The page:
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  3. Soup as a pastry chef? Cool. That is chock full of goodness in every which way. Have a wonderful new year!

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  4. That soup sounds so tasty! I can taste the combination of beets and turnips just by looking at the picture. Thank you for sharing!

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  5. What a pretty soup! It looks healthy and comforting! Happy New Year!

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  6. I have some parsnips and turnips already in my cold storage. Off to get some beets and a rutabaga...Yum!!
    Happy New Year!

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  7. I came in early to do the pastry work, so made breakfast for the guests staying at the Inn, and whipped up any soups that needed done. Pastry work often involves long periods of waiting while things rest or cool or set up.

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  8. I kind of miss Ashland too, but probably not enough to try to live there.

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  9. Please let us know how it turns out, even post a picture or link if you wish.

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  10. whatsfordinneracrossstatelinesDecember 31, 2010 at 2:10 PM

    I really like this recipe, my husband is a huge root vegetable fan and complains I don't use them enough. I usually roast them, but I like having a new way to fix them, the colors are so vibrant too! Happy New Years!
    -Gina-

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  11. I've never heard of cultivator soup but I like the sound of it... especially at this time of year. I also paused at a pastry chef making soups ;)

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  12. I grew up on beets and I love them! Try this soup borscht style chef! Looks great.

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  13. delicious healthy soup happy new year

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  14. I love beets but don't tend to put them in soup...you've convinced me to do so!!! Happy New Year!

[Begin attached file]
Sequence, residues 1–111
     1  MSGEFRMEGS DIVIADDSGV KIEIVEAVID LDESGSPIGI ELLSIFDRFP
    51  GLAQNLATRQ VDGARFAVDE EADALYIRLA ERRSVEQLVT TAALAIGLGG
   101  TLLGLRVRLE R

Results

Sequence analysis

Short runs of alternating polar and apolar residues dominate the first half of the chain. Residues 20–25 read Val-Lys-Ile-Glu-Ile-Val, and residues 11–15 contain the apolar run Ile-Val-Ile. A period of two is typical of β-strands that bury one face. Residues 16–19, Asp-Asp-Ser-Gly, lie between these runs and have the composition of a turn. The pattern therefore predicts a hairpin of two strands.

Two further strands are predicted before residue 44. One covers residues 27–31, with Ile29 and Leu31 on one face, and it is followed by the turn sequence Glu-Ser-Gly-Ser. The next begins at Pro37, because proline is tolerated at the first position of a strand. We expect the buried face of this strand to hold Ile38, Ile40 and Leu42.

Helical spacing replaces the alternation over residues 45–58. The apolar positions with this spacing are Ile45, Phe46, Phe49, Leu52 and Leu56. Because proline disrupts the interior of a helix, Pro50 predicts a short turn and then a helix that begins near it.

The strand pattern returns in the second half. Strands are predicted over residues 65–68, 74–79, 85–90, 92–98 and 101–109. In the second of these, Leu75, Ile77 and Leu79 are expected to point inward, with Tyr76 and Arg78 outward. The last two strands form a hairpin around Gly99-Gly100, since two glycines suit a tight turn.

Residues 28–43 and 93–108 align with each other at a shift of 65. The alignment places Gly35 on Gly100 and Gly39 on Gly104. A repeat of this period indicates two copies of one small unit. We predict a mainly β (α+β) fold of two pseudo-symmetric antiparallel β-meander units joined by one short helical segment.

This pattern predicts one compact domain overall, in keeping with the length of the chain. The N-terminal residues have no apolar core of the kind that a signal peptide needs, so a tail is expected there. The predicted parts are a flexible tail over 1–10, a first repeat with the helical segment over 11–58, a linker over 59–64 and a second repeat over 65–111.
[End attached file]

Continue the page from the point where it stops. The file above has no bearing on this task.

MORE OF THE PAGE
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  15. I love all of those vegetables, and soup is my ultimate comfort food :-)

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  16. Excellent idea! I have some left over, I'll give it a try. Thanks!

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  17. FoodieroadshowblogJanuary 2, 2011 at 7:36 AM

    Looks beautiful, like a bowl of jewels. My kind of soup.

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  18. I made this last night...so delicious! It was definitely a new group of flavors that I was not used to in soup, but it was really good! I couldn't believe how sweet it tasted!

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  19. The beets and parsnips are full of sugar. Glad you liked it!

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  20. looks very healthy

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  21. You can't beat simple and tasty. I'm embarrassed to say, but I just realized I don't know if I've ever had a rutabaga. Or have I and thought I was grabbing a turnip? Anyway, after a conversation with a friend about rutabega I've been wanting to try it. This is the perfect recipe for the test. Thanks for posting.

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    1. Visually the only difference is that rutabagas don't have any purple. I don't normally like turnips or rutabagas, but in this soup, they fit right in and are really tasty.